Updated 1:15 p.m. E.T. Fast food workers demanding higher wages staged strikes in dozens of cities across as many as 30 countries Thursday, alongside 150 similar protests planned in the United States. Workers were set to take to the streets in Seoul, Dublin, Casablanca and Panama City, part of strikes planned in as many as 80 cities, the New York Times reports. "We're here to get $15 and a union, we're here to strike, we're here to make some noise and we're here to disrupt because that's the only way to get their attention," Taco Bell employee Chad Tall said on CNN. He and other workers were striking outside a McDonald's in New York. The most recent round of fast food wage strikes began more than a year ago, but they have failed to meet their goal of forcing McDonald's and other companies to raise workers' wages to at least $15 an hour. (The current federal minimum wage in the U.S. is $7.25.) Protest organizers in the U.S. have turned to international workers to increase global pressure on fast food companies in light of dwindling membership in American unions. Fast food companies increasingly rely on international revenue in the face of falling U.S. sales. “Fast-food workers in many other parts of the world face the same corporate policies—low pay, no guaranteed hours and no benefits,” said Mary Kay Henry, the president of the Service Employees International Union. The median pay for fast food workers is slightly higher than $9 an hour, coming out to $18,500 a year, CNN reports—which falls short of the Census Bureau's poverty threshold of $23,000 for a family of four. [time-gallery id="101681"]
JEAN-FRANCOIS LEPAGE

While Lepage’s early photographs were visceral and dark—including sexual images that could not be reproduced in a commercial editorial context—he found like-minded collaborators including art director Grégoire Philipidhis at the short lived, but highly influential Jill magazine in Paris. Philipidhis embraced his work and gave him the freedom to express himself within its pages.

Subsequently, Lepage has maintained his distinctive voice as his imagery has evolved. “I would compare my creative process to a never ending spiral. I do have different periods that are representing my whole personality,” he says. “I need this raw part to my work as well as the poetic approach which is also important for me.”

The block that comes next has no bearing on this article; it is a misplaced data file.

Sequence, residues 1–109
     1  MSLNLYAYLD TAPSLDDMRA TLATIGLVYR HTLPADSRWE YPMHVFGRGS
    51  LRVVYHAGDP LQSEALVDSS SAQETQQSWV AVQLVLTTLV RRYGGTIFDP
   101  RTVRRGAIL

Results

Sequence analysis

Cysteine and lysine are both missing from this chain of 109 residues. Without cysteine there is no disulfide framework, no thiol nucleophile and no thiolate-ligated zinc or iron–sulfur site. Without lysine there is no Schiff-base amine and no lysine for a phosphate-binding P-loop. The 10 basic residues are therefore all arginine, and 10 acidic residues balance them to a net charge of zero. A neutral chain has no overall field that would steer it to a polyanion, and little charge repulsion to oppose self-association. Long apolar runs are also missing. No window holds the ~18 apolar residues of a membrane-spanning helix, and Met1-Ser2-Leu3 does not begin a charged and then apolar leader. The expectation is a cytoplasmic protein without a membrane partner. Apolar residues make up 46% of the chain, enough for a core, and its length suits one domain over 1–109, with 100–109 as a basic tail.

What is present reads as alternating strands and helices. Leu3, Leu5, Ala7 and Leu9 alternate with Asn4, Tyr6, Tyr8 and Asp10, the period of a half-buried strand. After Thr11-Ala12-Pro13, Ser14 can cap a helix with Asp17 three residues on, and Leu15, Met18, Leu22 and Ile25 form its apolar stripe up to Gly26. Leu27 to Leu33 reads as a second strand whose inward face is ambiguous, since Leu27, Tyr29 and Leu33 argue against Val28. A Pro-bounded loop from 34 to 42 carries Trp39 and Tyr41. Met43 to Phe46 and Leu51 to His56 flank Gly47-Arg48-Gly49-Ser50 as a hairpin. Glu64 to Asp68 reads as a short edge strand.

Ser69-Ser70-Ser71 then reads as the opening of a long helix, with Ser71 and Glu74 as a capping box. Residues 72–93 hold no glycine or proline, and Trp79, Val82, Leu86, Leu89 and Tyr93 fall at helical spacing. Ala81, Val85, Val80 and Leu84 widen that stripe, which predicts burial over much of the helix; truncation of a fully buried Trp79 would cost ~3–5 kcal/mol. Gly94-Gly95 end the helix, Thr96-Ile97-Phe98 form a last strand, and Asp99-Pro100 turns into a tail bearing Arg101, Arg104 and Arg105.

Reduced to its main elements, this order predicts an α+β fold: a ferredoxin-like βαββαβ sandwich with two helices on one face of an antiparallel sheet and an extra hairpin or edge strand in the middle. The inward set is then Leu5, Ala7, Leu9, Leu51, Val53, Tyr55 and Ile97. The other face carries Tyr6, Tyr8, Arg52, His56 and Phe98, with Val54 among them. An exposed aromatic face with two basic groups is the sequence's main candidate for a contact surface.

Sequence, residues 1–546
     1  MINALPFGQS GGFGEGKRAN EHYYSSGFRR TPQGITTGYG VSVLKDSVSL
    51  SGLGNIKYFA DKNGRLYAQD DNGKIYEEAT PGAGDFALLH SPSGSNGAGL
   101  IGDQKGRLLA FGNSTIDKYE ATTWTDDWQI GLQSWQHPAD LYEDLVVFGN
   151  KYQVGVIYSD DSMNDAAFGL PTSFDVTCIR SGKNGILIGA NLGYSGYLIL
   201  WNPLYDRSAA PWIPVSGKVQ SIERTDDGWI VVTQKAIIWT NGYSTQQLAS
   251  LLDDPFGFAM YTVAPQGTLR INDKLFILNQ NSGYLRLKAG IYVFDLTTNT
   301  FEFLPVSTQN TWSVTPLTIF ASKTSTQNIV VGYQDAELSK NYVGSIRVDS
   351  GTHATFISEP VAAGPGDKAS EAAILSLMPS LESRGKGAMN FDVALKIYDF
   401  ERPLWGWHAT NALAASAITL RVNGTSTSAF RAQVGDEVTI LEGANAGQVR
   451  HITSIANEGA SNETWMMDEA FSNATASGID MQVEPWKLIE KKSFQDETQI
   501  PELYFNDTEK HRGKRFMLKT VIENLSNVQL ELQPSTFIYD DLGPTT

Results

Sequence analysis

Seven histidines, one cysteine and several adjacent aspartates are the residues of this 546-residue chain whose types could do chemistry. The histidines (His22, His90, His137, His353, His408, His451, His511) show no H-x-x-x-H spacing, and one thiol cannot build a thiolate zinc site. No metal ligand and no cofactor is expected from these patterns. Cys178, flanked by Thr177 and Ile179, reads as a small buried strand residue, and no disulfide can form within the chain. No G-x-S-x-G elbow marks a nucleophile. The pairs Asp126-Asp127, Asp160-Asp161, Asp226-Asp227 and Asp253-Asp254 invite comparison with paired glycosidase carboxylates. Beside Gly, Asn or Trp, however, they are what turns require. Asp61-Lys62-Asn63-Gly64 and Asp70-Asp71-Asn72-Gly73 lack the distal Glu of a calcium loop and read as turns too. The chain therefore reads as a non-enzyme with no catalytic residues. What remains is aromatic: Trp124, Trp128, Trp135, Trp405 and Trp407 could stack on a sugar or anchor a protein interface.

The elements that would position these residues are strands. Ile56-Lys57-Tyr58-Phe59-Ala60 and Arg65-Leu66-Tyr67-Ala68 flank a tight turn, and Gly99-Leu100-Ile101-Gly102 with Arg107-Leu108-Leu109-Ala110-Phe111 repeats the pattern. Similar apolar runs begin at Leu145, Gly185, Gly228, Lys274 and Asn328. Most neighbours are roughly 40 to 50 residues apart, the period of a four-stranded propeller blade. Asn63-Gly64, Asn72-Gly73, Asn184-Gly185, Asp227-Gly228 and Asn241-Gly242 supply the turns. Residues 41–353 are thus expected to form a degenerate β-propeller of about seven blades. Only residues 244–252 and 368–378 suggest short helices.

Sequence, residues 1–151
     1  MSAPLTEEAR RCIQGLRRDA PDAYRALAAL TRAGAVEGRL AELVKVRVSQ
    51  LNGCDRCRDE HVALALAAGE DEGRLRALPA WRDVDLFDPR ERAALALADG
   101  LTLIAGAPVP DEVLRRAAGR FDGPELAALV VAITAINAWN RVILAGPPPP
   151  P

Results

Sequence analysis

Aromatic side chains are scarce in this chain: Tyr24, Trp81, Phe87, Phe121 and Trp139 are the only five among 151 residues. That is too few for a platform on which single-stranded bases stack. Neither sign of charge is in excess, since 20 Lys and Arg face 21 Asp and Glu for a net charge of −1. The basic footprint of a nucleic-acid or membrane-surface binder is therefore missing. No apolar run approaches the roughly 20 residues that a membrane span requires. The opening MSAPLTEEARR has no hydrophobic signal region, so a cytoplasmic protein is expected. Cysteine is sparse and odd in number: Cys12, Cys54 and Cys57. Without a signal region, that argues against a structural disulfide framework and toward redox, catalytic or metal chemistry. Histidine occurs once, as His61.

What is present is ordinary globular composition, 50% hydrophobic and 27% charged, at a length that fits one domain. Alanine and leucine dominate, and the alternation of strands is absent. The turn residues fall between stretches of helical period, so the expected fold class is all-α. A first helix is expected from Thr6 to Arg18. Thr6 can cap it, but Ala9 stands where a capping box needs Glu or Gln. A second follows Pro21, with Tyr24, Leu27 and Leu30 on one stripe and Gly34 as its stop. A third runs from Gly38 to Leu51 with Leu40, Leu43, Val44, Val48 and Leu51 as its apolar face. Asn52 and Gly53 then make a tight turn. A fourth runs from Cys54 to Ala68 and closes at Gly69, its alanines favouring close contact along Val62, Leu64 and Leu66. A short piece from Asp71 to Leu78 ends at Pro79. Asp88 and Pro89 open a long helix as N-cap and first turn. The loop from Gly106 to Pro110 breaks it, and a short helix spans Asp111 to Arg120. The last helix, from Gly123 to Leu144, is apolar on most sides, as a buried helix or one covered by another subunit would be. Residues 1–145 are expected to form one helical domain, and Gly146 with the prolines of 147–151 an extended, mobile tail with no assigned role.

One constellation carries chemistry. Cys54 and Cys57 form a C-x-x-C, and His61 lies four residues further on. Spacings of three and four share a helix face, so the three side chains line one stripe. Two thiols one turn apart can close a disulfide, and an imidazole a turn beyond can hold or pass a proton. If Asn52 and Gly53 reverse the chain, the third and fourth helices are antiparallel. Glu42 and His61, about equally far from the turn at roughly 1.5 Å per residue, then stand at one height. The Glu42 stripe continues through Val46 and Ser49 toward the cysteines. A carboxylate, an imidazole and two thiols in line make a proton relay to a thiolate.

After his self imposed exile from photography, Lepage returned with a new approach, moving outside to work on a series of stories for AMICA magazine. In his work, Lepage intentionally shows the source used to light his subjects, and to “compose and balance his light with the Sun to create a new perspective.”

As Lepage moved away from the monochromatic palette of his earlier work, a dark undercurrent prevailed. “When I look at my images I see overly bright colors that are hiding our sadness – people who are wearing masks to reveal themselves – lonely characters strong and peaceful – mutilated forms that show human beauty and eyes turned inward to better understand our world.”

More recently he has begun to pull away from fashion once more. He is currently making new work, recycling photographs from his archive to build new pictures—finding his palette by cutting up outtakes from his old shoots of now discontinued 8×10, 891 Polaroid from the 1990s, to make work which he describes as still “photographic but more abstract.”

“It is like in life, some people are experimenting when they are young and they become more and more conventional with time [while] a few others will always continue to experiment,” he says.“I think the world is always limiting for people who want to propose something different. On the other hand it’s also because the world is limiting that they can experiment.”


Jean-Francois Lepage is a photographer basedin Paris. His work is widely seen as blending elements of cinema, surrealism, and haute-couture.

Phil Bicker is a senior photo editor at TIME.